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Mab Chief's 'Surprise' At Insurers' Nhi Meet

By NEIL HARTNELL

Tribune Business Editor

nhartnell@tribunemedia.net

The Medical Association of the Bahamas (MAB) president yesterday expressed "surprise" that the Minnis administration had yet to meet with doctors over its plans to reform National Health Insurance (NHI).

Dr Sy Pierre indicated he had been taken aback by the Government's meeting last week with the Bahamas Insurance Association (BIA), given that the MAB's efforts to arrange a similar encounter had yet to receive a response.

He also expressed concerns to Tribune Business about the Minnis administration's plans to expand NHI to secondary and tertiary care, given the unknowns and concerns over the NHI model left by the Christie administration - especially its costs.

Dr Pierre also warned that suggestions by Dr Duane Sands, minister of health, could "destroy" the medical insurance industry if the Government forced it to provide coverage to women with certain gene mutations.

"I was actually very surprised, when I saw it in the paper, that the Minister and the Government saw fit to meet with the commercial insurers," the MAB president told Tribune Business.

Believing that the Consultant Physicians Staff Association (CPSA) and other bodies representing doctors also had yet to meet the new administration over NHI, Dr Pierre said his efforts to-date to reach-out had proven fruitless.

"I reached out, I called, I texted, but I've heard nothing yet about the route they're going, what the plan is," he added. "They met with the insurers and I was like: 'Wow, they saw fit to do that and not meet with the MAB. We have heard absolutely nothing as the MAB.

"It would surprise me that they had a meeting with the insurers and not the physicians, even though I spoke, texted and e-mailed."

Dr Pierre emphasised that it was "crucial" for doctors, and the wider healthcare industry, to be briefed - and give input to - the Government's NHI reform plans as soon as possible.

Private sector buy-in remains vital to NHI's success, and Dr Pierre said agreeing a "fee schedule" for doctor compensation was one of many issues that had to be agreed.

"There's the whole mechanism of this thing," he explained. "It was difficult with primary care, but with secondary and tertiary care added in you're looking at an even more complex system."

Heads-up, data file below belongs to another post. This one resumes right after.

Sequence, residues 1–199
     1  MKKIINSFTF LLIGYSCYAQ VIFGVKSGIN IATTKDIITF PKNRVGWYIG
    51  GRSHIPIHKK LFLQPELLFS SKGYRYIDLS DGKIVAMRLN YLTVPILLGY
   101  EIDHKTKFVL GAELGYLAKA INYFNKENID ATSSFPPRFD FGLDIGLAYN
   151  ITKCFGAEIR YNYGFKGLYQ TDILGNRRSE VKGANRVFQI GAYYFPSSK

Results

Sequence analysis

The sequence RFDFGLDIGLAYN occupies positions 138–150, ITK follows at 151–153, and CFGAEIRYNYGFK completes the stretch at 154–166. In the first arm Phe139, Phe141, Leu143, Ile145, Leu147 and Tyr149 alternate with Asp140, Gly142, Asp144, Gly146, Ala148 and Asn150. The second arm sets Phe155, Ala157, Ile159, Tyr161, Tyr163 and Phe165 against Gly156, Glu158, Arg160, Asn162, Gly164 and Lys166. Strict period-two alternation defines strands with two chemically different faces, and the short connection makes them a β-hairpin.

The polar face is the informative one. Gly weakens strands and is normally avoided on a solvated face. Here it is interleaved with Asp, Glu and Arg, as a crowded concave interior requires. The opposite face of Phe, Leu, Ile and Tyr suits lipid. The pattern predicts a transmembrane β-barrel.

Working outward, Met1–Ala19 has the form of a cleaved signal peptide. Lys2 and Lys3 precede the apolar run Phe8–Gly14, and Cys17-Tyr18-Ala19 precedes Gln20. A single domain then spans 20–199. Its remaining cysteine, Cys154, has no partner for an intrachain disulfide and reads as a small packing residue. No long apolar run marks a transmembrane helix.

Dr Pierre told Tribune Business that based on what the Minnis administration had disclosed to-date, he was concerned about plans to broaden it beyond the $100 million primary care phase initiated by its predecessor.

"Prior to the election everyone was saying NHI was too expensive, that they couldn't do it, we don't know what it will cost, and all of a sudden they're going to expand it to include tertiary care," he said.

"With this NHI thing it seems like they're going to spend more money. I don't know where it's coming from. They haven't asked us for anything. We had a plan put together by the stakeholders that involved no large increases in spending."

Dr Pierre also criticised the $10 million spent on foreign consultants by the former Christie administration, including Sanigest Internacional and the KPMG and PricewaterhouseCoopers (PwC) accounting firms.

Suggesting that the Bahamas had received little in return, he added: "Those consultants have gone away, been well paid, and the Bahamian people are still suffering and nothing has happened."

He also questioned Dr Sands' suggestion that the Government might legislate to force insurers to cover women with the BRCA 1 and BRCA 2 gene mutations, given that the Journal of the American Medical Association (JAMA) found women with the former had on average a 72 per cent risk of developing breast cancer by the age of 80.

"Are you going to force insurers to insure those people," Dr Pierre asked. "That will destroy the insurance industry."

He added that the MAB wanted to give the new government "a chance", and planned to write another letter requesting a meeting over NHI.

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